Windows Internet Explorer implements various protocols that can be used to identify certain information. A protocol is a set of rules and standards that enables two or more computers to communicate.
Note 'about:' is not a protocol as it does not enable two or more computers to communicate (see earlier definition). No data is being sent to the client — the client is simply being instructed to display a certain pre-defined set of information.
Specifies a data URI, which is a resource, typically an image, embedded in the URI as opposed to one loaded from an external URL.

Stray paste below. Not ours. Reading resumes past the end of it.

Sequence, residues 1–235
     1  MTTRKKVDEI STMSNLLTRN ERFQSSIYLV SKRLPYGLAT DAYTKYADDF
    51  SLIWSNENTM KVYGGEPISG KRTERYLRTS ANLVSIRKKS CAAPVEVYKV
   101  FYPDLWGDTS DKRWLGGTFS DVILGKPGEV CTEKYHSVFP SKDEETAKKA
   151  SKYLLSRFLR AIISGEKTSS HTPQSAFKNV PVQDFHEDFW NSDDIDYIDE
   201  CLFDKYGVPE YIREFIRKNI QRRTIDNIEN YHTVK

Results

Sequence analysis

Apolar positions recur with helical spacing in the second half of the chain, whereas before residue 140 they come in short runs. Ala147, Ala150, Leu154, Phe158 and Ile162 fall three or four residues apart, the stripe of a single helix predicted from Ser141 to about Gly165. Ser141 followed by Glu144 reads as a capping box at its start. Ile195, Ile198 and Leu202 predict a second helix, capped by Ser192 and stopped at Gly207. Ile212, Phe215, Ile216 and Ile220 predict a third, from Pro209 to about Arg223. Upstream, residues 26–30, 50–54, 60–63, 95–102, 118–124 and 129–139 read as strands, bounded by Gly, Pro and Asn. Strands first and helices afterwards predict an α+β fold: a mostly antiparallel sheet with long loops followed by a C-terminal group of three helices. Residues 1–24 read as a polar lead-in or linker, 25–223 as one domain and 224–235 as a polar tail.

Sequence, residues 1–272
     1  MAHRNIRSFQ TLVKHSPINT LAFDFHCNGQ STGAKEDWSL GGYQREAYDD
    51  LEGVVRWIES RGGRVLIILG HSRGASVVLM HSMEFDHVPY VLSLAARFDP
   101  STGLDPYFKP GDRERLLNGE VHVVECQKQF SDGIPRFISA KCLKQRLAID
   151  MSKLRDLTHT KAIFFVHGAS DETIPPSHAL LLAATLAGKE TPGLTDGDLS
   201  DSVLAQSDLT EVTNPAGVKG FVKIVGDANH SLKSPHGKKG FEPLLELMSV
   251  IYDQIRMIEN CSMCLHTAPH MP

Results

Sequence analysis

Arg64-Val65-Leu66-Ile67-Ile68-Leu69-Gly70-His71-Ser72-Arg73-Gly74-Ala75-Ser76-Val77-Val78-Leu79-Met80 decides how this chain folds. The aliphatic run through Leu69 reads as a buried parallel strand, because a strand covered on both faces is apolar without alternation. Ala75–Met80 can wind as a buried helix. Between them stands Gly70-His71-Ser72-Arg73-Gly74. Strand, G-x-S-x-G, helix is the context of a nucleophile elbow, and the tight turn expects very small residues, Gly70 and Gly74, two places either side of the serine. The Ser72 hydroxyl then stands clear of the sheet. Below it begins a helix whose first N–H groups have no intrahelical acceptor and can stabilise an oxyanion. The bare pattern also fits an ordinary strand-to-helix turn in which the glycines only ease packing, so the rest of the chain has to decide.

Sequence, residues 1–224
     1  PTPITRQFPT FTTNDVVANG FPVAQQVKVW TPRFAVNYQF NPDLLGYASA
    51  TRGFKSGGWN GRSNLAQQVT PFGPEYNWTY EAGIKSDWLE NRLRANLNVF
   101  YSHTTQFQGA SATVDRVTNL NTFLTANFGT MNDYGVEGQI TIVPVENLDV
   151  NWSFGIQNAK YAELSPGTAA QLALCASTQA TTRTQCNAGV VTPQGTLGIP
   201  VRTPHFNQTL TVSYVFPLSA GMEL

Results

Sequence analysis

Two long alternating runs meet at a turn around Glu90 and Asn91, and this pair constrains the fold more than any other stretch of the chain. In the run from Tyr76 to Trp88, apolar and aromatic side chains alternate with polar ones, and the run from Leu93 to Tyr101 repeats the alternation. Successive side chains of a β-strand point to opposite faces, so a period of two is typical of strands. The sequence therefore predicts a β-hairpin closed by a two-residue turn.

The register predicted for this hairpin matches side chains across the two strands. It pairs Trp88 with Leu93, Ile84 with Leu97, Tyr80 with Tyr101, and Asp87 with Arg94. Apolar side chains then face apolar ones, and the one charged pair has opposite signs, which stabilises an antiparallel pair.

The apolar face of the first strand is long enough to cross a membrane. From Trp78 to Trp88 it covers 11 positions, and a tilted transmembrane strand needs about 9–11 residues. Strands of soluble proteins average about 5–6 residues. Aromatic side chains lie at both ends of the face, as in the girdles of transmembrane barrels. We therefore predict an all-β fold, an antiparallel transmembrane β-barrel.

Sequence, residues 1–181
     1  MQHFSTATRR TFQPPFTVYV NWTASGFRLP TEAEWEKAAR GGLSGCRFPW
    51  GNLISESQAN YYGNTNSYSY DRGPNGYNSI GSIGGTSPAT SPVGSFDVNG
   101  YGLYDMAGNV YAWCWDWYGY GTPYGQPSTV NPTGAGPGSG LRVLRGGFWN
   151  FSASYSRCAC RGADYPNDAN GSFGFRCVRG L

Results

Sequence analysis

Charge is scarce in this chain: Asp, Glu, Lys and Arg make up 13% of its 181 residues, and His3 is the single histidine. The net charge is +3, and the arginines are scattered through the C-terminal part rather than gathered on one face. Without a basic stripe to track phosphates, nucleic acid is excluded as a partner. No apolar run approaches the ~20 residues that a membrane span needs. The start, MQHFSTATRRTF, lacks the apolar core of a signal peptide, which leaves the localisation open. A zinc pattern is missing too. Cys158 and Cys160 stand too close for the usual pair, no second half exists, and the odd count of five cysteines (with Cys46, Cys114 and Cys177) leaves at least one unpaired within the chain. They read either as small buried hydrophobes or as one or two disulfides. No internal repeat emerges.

Opens a file on a local or network drive.
Opens a file transfer session with the specified site address.
Opens a gopher session with the specified site address.
Opens a hypertext transfer session with the specified site address.
Opens a secure hypertext transfer session with the specified site address.
Opens a client's e-mail system and begins a new email message.
Opens a newsgroup in the client's default news application.
Specifies a resource that will be obtained from a module.
Opens a terminal login session with the default Telnet client.
Obsolete for Microsoft Internet Explorer 6 for Windows XP Service Pack 2 (SP2) and later. For earlier versions, opens a Web page in the client's default HTML editor.
Note Some of these protocols are no longer supported by Internet Explorer.